North by Northwest (1959)
I love Hitchcock's spy thrillers, and this tale of an "ordinary" man mistaken for a secret agent is one of my favorites. The quotation marks are because there isn't really anything particularly "ordinary" about Cary Grant's Roger Thornhill, but neither is he cut out to deal with cold-blooded assassins or James Mason's villainous master spy - except: that's exactly what he must do if he is to stay alive. Most people will be familiar with the iconic image of Grant fleeing for his life pursued by an old biplane, and that scene is a perfect metaphor for the "WTF", nightmarish scenario our hero finds himself in for this film. This is a brilliant action film, and - if you haven't seen it - you should.
This is another brilliant film from Altman. It may not be as slick as Nashville or The Player, but it is by far the most overtly comic film in the Altman oeuvre. It also spawned one of the most popular television comedy-drama shows ever. Set during the Korean conflict, this film's release was perfectly-timed to meet the anti-war sentiment of a public disillusioned with the war in Vietnam. It was extremely popular at the time, and it still stands on many lists of the funniest films ever made. The football game near the end of the film is a real highlight.
The Deer Hunter (1978)
Of all the films on this list, this is the one with which I have the biggest gripe against its inclusion. It received many accolades and awards when it was released, but I could write another lengthy series of blog entries about all of the times that the Academy Awards got it wrong, and many of the critics later recanted their positive reviews upon subsequent viewings of the film. The performances are pretty good, but this was not the best work of Robert DeNiro, Meryl Streep, or Christopher Walken. Director Michael Cimino deliberately misled the media about his military service record in order to purport that this was an "autobiographical" film, and the central conceit of the movie - the forced Russian roulette of Vietnam P.O.W.s - was most likely a complete fabrication. Minor parts of this film are way too protracted (the wedding sequence, for example) while more plot-central sequences are truncated or glossed over. It may be one of the first films to have looked at the Vietnam War from an anti-war perspective, but many other films have done it better since, and, in my opinion, this film just isn't good enough to be on this list even with extra points added for "historical significance." I wouldn't even put this on a list of the top 200 films.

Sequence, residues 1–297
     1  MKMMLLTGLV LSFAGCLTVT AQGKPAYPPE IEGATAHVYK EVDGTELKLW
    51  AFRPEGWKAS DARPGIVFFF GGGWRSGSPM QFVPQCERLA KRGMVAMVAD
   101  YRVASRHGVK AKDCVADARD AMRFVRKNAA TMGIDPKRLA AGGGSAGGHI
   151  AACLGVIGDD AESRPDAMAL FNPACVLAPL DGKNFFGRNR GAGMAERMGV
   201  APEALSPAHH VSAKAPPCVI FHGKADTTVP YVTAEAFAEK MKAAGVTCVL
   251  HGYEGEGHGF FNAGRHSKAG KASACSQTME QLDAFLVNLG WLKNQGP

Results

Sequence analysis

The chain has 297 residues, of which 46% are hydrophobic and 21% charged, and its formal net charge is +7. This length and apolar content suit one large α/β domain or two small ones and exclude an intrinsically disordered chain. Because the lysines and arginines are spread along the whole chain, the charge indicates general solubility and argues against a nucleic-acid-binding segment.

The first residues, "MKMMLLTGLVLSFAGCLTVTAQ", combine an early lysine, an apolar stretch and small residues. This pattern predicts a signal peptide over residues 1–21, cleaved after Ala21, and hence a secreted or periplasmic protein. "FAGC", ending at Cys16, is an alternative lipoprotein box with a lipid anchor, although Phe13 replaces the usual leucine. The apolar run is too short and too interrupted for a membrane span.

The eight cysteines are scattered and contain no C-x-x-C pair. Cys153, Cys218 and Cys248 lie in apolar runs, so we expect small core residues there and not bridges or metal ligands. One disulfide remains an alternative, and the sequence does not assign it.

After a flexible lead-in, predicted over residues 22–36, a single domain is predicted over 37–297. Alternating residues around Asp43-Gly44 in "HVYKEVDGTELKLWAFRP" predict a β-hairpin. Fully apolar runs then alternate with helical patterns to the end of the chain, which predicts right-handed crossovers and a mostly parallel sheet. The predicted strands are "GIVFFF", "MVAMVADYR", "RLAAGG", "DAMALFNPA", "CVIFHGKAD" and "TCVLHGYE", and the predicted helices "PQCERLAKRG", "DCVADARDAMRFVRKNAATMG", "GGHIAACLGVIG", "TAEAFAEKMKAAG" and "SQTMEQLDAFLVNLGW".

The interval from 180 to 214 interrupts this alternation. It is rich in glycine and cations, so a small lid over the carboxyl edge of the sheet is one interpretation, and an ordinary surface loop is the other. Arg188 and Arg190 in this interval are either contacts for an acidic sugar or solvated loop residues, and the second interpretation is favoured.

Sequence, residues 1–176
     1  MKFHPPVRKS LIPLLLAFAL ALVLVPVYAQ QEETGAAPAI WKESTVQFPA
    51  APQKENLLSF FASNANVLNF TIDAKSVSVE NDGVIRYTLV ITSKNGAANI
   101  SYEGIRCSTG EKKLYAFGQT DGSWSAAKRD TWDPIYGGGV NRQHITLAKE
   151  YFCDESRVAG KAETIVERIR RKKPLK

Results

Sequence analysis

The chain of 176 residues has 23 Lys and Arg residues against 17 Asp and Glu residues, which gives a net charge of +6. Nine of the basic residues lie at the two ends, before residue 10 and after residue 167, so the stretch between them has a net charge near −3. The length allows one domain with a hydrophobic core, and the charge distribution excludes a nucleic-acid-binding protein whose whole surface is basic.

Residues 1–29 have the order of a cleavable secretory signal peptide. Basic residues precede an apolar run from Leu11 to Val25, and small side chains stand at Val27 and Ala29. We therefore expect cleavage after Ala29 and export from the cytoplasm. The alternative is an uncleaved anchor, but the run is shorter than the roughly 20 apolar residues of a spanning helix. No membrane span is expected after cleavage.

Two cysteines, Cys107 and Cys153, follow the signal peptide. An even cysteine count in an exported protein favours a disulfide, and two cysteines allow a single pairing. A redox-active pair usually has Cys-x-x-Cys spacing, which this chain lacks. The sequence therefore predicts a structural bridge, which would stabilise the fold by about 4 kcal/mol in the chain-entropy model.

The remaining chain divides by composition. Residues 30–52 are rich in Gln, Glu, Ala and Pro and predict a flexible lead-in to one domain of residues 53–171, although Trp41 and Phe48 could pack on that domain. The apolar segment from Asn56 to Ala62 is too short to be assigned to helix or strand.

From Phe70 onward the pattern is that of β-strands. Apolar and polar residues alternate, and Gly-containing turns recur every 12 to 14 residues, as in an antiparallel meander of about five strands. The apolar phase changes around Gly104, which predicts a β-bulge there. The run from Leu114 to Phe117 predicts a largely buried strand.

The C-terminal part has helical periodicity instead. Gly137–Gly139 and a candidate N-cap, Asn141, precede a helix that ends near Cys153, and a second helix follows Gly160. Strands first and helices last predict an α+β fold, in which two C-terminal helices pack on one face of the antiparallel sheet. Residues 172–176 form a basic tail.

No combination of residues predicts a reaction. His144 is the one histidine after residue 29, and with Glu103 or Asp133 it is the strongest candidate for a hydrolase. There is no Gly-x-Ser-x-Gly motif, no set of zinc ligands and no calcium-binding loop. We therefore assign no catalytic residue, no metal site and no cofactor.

Taxi Driver (1976)
Now this is a De Niro performance that could earn a movie a place on this list even if it had nothing else going for it. Fortunately, that isn't the case here. Scorsese's direction is moody and engaging. Paul Schrader's script perfectly captures dark reverie of insomnia and loneliness. The story explores the fine line between misanthropic villainy and avenging heroism, and it leaves one (me, at least) recognizing the value of human connection. Others may perceive different messages in this film. John Hinckley certainly did.
West Side Story (1961)
This is a lavish musical production. The orchestra was tripled from the Broadway version (somewhat to the chagrin of composer Leonard Bernstein), and Jerome Robbins's choreography absolutely soars beyond the confines of a theater stage. The movie perfectly captures the struggle for identity among the poor, devolving into prejudice and gang violence. Shakespeare's Romeo and Juliet provides us with the hope that love will conquer all, and we are moved to find that it can - even if it must descend into tragedy. Beautiful film.
Saul Bass's opening credit sequence got a lot of attention at the time in 1961. This was before audiences would be treated to the opulent opening credits of the James Bond films, but this is still very cool. (And it includes one of Hitch's famous cameo appearances.)